Plan would create a “European Venture Capital Fund” designation and a single rulebook for marketing of VC funds across the EU
In June 2011 we reported on the European Commission’s consultation on the need for an EU-wide “passport” for venture capital funds. Yesterday the Commission published its proposed regulation that would create this passport and summarised it in its press release as follows:
“The new regulation will make it easier for venture capitalists to raise funds across Europe for the benefit of start-ups. The approach is simple: once a set of requirements is met, all qualifying fund managers can raise capital under the designation “European Venture Capital Fund” (EVCF) across the EU. No longer will they have to meet complicated requirements which are different in every Member State. By introducing a single rulebook, venture capital funds will have the potential to attract more capital commitments and become bigger.”
As the Commission observes in its frequently asked questions document on the proposed regulation, at the moment:
“there are no specific EU level rules that facilitate fund-raising by venture capital fund managers. Venture capital is much more developed in some countries than in others but only nine Member States have put in place dedicated rules for venture capital. The remaining 18 countries apply general rules on company or corporate law to venture capital funds. As a result, there is limited cross-border fundraising activity of European venture capital funds. On average, the proportion of cross-border fundraising for all types of venture capital funds has for the last four years reached only 12% (€ 2.5 billion)”.
The EVCF passport
The European Venture Capital Fund passport would be available for venture capital funds that:
- Invest 70% of their committed capital into unlisted SMEs;
- Provide equity or quasi-equity (such as a subordinated loan) to these SMEs; and
- Do not employ leverage.
The passport – which would be granted by the fund manager’s EU home member state – would then enable an EVCF to be marketed across the EU to “eligible investor”, which the proposed regulation (at Article 6) suggests should be professional investors as defined in the Markets in Financial Instruments Directive and high-net worth individuals and business angels. Needless to say, the proposed regulation prescribes various requirements that an EVCF would have to fulfil before being granted a passport, including requirements as to the investment portfolio, investment techniques and nature of investee companies.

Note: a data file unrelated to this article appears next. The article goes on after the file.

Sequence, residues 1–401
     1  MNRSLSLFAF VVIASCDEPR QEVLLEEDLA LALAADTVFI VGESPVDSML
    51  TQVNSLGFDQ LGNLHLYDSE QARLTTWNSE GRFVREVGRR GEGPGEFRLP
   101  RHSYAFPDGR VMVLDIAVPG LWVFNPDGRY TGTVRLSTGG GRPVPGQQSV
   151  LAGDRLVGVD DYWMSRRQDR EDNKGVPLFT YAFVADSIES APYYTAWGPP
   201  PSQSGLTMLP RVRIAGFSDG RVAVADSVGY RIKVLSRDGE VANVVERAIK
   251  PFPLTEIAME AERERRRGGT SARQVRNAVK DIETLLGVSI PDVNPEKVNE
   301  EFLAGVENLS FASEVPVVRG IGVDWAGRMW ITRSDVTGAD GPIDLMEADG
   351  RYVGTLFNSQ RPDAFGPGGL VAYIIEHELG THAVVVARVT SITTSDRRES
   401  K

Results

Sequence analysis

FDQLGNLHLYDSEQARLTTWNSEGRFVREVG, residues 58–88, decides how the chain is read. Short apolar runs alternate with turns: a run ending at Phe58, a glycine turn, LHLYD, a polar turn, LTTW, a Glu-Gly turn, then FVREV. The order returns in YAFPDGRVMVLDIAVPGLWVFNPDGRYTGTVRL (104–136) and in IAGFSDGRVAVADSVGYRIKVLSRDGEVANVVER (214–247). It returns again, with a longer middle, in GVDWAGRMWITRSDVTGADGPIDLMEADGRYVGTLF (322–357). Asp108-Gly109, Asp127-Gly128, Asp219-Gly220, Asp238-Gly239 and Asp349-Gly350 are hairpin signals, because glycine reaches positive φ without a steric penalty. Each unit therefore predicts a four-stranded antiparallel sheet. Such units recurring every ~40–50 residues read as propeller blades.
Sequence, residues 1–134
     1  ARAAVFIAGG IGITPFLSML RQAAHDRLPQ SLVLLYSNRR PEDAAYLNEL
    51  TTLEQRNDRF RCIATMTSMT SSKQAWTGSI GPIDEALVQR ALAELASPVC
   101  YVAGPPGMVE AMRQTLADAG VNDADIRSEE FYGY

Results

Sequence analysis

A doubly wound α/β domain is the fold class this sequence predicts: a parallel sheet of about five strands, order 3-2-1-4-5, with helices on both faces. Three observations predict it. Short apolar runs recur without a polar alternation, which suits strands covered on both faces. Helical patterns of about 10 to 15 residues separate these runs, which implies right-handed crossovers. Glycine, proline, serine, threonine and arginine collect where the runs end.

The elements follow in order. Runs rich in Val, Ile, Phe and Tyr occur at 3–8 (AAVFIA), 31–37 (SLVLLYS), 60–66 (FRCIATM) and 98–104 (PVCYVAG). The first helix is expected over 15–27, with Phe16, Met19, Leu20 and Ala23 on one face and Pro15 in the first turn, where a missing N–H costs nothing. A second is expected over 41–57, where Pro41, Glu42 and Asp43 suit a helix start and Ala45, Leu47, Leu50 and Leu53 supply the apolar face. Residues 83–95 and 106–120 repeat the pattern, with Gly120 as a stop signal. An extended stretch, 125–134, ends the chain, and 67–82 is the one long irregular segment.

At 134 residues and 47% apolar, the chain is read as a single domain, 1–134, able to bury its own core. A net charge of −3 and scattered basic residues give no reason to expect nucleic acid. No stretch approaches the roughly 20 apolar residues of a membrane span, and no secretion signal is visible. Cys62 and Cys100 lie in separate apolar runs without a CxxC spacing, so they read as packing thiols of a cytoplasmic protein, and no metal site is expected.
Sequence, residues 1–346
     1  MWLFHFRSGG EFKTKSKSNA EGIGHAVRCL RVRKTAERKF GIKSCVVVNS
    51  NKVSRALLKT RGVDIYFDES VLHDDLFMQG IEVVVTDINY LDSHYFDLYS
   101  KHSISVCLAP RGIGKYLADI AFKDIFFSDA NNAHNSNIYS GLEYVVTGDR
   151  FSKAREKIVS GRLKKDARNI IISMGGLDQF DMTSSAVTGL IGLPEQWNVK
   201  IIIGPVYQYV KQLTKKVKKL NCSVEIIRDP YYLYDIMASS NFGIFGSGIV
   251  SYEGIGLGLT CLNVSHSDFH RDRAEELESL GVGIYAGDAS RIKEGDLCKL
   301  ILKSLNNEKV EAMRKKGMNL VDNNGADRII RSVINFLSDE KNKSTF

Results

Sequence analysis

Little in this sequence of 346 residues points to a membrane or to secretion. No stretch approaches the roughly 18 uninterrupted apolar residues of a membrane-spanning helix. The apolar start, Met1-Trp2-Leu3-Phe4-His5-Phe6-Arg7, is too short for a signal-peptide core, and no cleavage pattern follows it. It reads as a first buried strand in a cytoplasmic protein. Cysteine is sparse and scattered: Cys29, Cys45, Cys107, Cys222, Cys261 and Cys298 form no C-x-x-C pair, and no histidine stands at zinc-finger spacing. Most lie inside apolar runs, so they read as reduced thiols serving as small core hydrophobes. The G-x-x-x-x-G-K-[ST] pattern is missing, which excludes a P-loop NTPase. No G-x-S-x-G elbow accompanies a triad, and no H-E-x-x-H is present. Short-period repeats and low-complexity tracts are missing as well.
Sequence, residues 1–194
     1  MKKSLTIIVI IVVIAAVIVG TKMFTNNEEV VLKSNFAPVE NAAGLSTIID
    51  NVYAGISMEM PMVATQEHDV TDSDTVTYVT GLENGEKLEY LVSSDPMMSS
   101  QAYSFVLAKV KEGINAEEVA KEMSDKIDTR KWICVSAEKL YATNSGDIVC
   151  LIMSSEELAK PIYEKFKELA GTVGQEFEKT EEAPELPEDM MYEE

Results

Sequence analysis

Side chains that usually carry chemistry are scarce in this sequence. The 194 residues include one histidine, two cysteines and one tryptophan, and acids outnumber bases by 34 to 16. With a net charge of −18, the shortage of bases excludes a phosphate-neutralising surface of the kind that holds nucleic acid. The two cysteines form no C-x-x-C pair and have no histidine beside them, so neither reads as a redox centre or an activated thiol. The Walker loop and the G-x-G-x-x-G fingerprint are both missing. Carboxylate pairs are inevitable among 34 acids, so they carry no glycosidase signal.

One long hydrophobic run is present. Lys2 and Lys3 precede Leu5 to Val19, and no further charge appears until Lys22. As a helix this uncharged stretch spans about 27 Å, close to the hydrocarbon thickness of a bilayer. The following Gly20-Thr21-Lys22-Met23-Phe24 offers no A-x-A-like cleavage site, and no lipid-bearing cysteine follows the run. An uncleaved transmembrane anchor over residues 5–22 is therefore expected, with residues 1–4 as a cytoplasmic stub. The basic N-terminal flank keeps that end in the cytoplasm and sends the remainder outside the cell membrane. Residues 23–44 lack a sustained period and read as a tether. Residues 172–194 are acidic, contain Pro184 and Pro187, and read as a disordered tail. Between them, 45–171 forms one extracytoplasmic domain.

Relationship with the AIFMD
At the moment, the European Union is in the process of finalising the detailed rules that will implement the Alternative Investment Funds Managers Directive (AIFMD). The AIFMD also provides a marketing passport for managers of venture capital funds – but, crucially, the AIFMD passport is only available for managers whose aggregate assets under management exceed € 500 million. That would exclude many venture capital houses for, as the Commission’s FAQs report:
“According to the latest figures available from the European Private Equity and Venture Capital Association, 98% of European venture capital fund managers manage a portfolio of funds that would be beneath the €500 million threshold set out in the AIFMD.”
So the proposed EVCF passport would be available to a venture capital manager with aggregate assets under management of less than € 500. Once that figure is exceeded, the manager would need to apply for a regular AIFMD passport.
The Commission’s proposal for an EVCF passport now pass to the European Parliament and the Council; implementation is several years away. There is more at the Commission’s venture capital webpage.
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